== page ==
Making NATO a policing organization would play a role in transmitting what John Kasich has described as Judeo-Christian values, the Republican presidential candidate said.
“With Europe, I said that NATO needed to be transformed into a policing and intelligence organization,” Kasich, the governor of Ohio, said in an extensive interview with the New York Daily News editorial board posted Tuesday.
Kasich was referring – unprompted by his interviewers – to controversy he stirred last year when he proposed a U.S. Department of Judeo-Christian values that would promote Western ideas in the same way that U.S. State Department bodies have in the past promoted U.S. culture and values.
“I mean, this is a battle between the civilized world and barbarians at the gate,” he told the Daily News, which is publishing a series of interviews with presidential candidates ahead of next week’s primaries in New York state. “I mentioned something … You guys probably mocked me for it. You guys said, ‘Well, he wants to create, what do you call it, a 'Jesus bureau’ or whatever. I said, our Judeo-Christian values are ones of respect for women, equality for women, right to protest, civilization, all this other stuff, and that we need to engage the whole world in this.”
The North Atlantic Treaty Organization, a defense alliance that for decades has protected Western interests, includes as a major member Turkey, a Muslim majority nation.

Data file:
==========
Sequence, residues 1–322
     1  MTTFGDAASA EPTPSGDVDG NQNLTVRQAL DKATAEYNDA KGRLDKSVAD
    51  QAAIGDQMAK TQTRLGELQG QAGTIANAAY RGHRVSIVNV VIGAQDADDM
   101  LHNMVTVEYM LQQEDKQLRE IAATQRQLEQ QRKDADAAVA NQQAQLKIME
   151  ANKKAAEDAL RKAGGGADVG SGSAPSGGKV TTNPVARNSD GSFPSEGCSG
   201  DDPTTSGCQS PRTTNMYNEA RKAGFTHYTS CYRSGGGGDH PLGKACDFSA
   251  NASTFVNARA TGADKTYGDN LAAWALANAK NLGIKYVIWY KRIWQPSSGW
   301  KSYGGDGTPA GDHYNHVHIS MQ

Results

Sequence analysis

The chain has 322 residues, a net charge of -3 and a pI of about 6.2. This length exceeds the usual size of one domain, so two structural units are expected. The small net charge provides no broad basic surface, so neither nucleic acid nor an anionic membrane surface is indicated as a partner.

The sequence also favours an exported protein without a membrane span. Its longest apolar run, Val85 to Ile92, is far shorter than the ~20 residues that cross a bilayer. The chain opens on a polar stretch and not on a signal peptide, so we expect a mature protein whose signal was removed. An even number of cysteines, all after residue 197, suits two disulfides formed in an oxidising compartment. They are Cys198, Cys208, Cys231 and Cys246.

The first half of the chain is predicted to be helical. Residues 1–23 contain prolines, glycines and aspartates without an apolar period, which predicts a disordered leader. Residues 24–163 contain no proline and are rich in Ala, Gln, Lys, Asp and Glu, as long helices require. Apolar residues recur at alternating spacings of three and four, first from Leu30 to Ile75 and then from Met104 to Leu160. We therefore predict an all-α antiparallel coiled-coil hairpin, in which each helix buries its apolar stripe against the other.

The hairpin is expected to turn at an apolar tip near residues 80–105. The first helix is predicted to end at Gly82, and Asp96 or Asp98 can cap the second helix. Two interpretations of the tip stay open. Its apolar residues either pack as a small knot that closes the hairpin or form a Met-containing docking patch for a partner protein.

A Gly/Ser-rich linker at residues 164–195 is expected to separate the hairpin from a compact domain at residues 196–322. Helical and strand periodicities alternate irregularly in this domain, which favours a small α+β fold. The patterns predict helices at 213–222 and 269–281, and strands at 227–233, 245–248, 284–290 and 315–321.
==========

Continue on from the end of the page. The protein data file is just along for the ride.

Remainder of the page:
Kasich said NATO's reach could help break down the "political correctness" that now inhibits the defense of Western values.
"Europe, they need to get over all their hangups over there, which is all the political correctness, the bureaucracies and everything else," he said. "NATO can be an organization that currently exists that goes across boundaries and borders."
Kasich appeared eager during the interview to discuss his support for Israel, saying that preserving its stability would be more important than advancing Israeli-Palestinian peace. He implicitly jabbed both at the Republican front-runner, real estate magnate Donald Trump, and the Democratic candidates, former Secretary of State Hillary Clinton and Sen. Bernie Sanders, I-Vt., who all have said they would make advancing peace talks a priority.
“I'm for Israel. Period. End of story,” he said. “Give them the superiority they need. And I think every single day, try to get through the day. I don't think there's any silver bullet for peace. A two-state solution, if they can work it out amongst themselves, fine. But I'm not an optimist on permanent peace between the Palestinians and the Israelis.”
The 2013-14 peace talks on the Israeli-Palestinian conflict spurred by the Obama administration collapsed in recriminations and tensions between the United States and Israel.
Kasich, like Clinton, said he would keep private any disagreements with Israeli Prime Minister Benjamin Netanyahu over settlement building.
“If I had something to say to Netanyahu about settlements, I would say it where there was no cameras or tape recorders,” he said. “OK?
President Barack Obama has said that airing such disagreements can be healthy. Obama and Netanyahu sparred publicly over the peace talks and the Iran nuclear deal.